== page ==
Evaluating Your Debt
( NewsUSA )
- Sponsored Content -Debt is a burden that the majority of adult Americans carry. Per CNBC, the average American carried $38,000 in debt in 2018, not including mortgages.
Money concerns can lead to many issues, including, but not limited to, relationship strain, health problems, and even depression. Some of the most common debts are credit cards, student loans, auto loans, mortgages, and medical debt. Assessing your financial situation is important, and while it may not always be pleasant, it can give you a good starting point for paying off your debt and improving your quality of life.
While it is ideal to be completely debt-free, it is important to be aware that there are good debts and bad debts.
Good debts are debts that can potentially increase your net worth and benefit you in the long run.
Mortgages are a great example. As you pay down your mortgage, there comes a time when your home is worth more than you owe. This allows you to sell your home for a profit or even refinance your home at a lower interest rate, which could potentially save you a great deal of money in the long run.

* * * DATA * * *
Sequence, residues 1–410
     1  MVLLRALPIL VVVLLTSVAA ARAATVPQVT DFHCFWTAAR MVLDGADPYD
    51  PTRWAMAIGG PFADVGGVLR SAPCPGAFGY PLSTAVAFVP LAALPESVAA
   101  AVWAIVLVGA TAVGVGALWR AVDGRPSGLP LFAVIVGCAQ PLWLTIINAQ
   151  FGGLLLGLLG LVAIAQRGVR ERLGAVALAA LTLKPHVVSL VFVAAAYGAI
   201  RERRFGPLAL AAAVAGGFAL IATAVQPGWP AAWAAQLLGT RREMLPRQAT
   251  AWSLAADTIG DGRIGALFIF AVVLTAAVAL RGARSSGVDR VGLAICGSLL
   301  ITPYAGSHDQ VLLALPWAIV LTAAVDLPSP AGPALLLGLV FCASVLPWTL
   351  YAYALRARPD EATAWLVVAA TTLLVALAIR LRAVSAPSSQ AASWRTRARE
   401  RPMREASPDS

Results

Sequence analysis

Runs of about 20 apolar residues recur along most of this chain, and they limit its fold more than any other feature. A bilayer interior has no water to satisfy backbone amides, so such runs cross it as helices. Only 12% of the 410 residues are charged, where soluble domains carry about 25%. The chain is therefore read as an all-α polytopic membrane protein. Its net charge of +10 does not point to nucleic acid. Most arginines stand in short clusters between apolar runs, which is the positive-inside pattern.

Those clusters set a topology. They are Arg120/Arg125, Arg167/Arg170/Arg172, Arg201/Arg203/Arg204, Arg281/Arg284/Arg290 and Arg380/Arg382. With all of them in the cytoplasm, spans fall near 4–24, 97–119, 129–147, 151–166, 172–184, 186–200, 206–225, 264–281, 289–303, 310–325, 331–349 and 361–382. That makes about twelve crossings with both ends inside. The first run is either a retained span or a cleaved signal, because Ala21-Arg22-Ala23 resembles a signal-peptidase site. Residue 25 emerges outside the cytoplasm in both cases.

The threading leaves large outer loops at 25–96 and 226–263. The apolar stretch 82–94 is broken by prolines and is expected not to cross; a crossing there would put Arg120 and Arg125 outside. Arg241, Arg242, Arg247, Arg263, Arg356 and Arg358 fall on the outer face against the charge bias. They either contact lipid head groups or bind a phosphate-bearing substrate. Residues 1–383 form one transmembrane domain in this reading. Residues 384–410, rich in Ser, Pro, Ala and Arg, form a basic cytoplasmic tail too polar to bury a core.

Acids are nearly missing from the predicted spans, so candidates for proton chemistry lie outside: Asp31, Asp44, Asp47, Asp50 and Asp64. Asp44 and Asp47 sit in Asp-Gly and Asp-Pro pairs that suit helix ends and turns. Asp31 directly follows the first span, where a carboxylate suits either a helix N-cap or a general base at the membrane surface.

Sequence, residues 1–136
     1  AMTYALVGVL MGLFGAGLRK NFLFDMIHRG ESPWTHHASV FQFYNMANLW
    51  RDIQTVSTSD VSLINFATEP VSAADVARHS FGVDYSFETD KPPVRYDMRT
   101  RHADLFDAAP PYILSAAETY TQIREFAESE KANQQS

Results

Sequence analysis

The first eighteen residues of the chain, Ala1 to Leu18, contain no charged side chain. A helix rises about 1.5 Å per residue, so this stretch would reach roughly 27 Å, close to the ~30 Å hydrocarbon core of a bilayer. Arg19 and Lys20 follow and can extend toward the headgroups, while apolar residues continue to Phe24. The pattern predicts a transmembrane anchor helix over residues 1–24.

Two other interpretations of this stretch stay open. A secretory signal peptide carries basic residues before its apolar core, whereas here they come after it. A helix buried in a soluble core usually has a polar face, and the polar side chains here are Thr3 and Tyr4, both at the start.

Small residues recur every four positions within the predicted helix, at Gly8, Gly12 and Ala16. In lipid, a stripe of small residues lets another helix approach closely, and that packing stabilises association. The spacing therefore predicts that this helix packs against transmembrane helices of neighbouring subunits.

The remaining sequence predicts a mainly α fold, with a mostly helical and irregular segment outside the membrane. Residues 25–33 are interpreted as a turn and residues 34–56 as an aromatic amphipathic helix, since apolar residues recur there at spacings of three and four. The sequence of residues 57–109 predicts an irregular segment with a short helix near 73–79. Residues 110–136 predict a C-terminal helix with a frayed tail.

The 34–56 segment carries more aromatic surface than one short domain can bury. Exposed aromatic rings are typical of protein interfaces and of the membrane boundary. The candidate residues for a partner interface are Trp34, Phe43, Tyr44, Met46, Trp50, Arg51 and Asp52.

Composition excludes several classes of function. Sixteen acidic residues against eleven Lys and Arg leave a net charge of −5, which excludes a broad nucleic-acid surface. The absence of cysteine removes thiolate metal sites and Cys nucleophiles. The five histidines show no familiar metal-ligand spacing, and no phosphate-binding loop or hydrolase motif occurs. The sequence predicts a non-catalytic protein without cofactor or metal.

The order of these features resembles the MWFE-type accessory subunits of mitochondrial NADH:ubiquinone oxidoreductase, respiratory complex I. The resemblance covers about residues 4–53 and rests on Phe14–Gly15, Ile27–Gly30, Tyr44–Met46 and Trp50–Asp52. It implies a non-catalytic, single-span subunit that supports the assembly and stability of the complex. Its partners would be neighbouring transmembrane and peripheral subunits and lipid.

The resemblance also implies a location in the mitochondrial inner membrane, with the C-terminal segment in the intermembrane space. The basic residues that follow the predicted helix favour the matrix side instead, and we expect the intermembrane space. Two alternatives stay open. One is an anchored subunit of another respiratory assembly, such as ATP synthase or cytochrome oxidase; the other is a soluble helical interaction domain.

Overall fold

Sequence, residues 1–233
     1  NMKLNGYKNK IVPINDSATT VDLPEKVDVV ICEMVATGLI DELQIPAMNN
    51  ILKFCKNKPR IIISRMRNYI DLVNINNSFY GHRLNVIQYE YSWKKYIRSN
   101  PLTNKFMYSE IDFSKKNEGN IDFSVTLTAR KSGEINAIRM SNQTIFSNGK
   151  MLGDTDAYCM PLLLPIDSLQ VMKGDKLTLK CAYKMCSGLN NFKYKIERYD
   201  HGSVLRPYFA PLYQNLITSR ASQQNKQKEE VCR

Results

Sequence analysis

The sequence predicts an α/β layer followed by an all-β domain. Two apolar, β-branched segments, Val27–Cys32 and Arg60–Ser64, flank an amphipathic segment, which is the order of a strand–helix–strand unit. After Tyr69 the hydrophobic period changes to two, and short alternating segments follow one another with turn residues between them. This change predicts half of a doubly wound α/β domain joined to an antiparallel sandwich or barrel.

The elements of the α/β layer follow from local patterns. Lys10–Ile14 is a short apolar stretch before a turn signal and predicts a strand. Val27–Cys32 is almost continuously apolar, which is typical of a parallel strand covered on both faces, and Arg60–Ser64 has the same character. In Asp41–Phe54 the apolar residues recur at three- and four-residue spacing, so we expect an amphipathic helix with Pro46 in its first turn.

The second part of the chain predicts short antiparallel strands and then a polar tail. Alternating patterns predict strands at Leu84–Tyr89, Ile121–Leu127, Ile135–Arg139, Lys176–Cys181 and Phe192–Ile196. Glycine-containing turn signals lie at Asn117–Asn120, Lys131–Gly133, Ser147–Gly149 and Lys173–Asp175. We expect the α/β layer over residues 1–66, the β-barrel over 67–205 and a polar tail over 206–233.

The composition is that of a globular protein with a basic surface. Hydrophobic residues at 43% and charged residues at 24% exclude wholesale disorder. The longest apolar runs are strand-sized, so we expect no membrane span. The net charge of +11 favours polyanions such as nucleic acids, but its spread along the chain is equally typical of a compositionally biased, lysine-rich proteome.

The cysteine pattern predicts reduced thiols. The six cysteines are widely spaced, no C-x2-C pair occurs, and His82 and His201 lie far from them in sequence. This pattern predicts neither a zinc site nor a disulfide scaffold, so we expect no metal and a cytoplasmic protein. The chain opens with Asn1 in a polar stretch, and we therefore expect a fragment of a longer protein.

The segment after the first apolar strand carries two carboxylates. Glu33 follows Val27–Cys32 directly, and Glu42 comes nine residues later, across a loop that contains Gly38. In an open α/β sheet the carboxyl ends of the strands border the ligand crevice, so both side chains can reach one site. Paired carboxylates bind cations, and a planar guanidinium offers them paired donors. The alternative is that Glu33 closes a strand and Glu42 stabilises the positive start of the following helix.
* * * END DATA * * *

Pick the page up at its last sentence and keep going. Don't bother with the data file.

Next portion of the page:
"Bad debt" is money owed that will not improve your net worth. Credit card debt, new car loans, debt for jewelry, or installment-based payment plans for goods are all examples of bad debt.
Many people struggle with bad debt. So what do you do if you are one of them?
The first step is to take a step back and breathe. There are legitimate solutions to your money problems. It may be difficult, but it will be worth it once your bad debt is gone forever.
Now that you know there are solutions out there, the next step is to assess your situation.
Family Credit Management is a non-profit credit counseling agency that has great, free, tools that you can use to help assess your situation.
The "How Serious is my Debt" quiz, at www.familycredit.org/how-serious-is-my-debt , can help you assess your situation from an objective point of view.
The certified credit counselors at Family Credit Management will be able to analyze the results of the quiz and help you come up with a plan of attack, even if the debt management program would not be the right fit for your situation.
You can find additional resources, such as a personal finance course, savings tips, a personal spending plan outline, and even a children's book created to help talk to your children about finances, at www.familycredit.org/resources .